"Understanding good and evil is behind the concern of every living man and woman. World history demonstrates this time and again."

This book is made up of various sections, each best enjoyed when read and considered at length. The largest section covers significant military events, starting in the 1600s with the first modern war and reliance on guns and powder. Called the 30 Years' War, it was fought in Europe and ended when warfare became too costly for princes to wage. Sub-sections document the active battles between the Ottoman Empire and Judeo-Christian nations through to the start of the twentieth century. The WWI peace treaty divided up most of the land that had once been part of the Ottoman Empire. Maddock attributes the downfall of that empire to financial issues.

The author touches upon the traditions of viziers, dynasties, sultans, and harems (covered in depth in Volume I). After Muslims by necessity adopted Western practices, modern-day Turkey resulted, with imams still in charge. The discovery of oil allowed the Arab leaders to increase their financial position. Persian oil production in partnership with westerners was at 5% of the world's oil supply in the early 1900s. By the 1980s, Saudi Arabia owned 100% of Aramco and monies were available to fund the rise of terrorism.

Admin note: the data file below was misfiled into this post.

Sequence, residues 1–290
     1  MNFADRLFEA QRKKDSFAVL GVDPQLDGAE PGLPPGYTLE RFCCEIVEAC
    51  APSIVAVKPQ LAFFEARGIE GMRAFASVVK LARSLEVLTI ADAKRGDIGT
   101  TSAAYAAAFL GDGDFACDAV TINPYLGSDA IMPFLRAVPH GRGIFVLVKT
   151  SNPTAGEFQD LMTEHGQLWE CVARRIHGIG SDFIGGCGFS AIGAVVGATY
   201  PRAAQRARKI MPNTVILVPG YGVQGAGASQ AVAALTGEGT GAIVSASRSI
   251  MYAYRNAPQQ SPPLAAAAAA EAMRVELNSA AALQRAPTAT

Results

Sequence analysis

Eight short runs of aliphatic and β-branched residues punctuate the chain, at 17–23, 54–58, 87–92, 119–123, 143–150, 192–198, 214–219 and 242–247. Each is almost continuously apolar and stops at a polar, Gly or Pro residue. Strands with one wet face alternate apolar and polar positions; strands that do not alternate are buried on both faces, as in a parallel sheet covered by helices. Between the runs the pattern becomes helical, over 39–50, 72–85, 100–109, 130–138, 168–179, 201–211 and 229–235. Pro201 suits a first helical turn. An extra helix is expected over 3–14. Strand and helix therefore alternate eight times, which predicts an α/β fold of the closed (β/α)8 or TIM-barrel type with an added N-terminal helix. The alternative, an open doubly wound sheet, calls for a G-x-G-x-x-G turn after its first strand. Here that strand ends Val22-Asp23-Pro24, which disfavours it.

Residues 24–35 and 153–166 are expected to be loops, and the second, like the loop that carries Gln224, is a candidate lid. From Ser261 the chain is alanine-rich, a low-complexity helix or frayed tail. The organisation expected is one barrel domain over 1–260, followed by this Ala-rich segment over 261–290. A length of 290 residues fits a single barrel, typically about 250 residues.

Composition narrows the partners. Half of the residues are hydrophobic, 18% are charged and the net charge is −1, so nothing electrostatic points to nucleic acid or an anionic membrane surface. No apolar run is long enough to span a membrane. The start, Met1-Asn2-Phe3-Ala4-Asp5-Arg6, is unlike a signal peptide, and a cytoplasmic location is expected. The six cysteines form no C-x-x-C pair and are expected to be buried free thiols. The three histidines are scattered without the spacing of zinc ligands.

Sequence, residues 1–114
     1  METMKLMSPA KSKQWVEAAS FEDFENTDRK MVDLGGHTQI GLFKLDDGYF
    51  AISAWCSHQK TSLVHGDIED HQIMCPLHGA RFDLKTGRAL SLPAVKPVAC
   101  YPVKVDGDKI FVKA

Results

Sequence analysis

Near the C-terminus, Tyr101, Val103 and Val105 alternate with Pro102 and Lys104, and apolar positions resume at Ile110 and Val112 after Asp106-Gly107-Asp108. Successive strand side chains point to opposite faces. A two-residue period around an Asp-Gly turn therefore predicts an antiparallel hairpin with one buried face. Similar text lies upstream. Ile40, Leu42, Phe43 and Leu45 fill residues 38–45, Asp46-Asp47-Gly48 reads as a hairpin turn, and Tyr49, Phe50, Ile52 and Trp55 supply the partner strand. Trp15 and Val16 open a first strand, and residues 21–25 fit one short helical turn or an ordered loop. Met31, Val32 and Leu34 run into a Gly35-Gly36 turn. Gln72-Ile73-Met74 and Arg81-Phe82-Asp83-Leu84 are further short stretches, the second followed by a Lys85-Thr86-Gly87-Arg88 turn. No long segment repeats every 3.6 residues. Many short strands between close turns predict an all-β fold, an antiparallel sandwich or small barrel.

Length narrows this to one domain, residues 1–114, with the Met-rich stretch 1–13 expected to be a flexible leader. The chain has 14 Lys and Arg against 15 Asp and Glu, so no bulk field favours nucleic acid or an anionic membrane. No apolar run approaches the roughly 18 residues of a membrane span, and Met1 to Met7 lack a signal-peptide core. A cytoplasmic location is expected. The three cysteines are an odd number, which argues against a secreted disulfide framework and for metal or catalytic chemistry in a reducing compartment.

Maddock's talent for documenting history is not surprising due to his association with the military and academia, as well as Mormons, who are noted for genealogical research. He uses this background to compare and contrast handling of the Koran's original sources with the more recent process of publishing revelation received by Joseph Smith, founder of the Mormon religion. The author skillfully retells events, conspiracies, and important happenings of each time period. For complex stories, the third-person pronoun can make for confusion. But with charming illustrations by his wife, the people behind each story come alive. While it appears that Volume I is necessary to place this series in context, exhaustive lists, an epilogue, a timeline, and a reference section with perhaps too many Wikipedia sources help place the 1300 years’ war into historical context.


Return to USR Home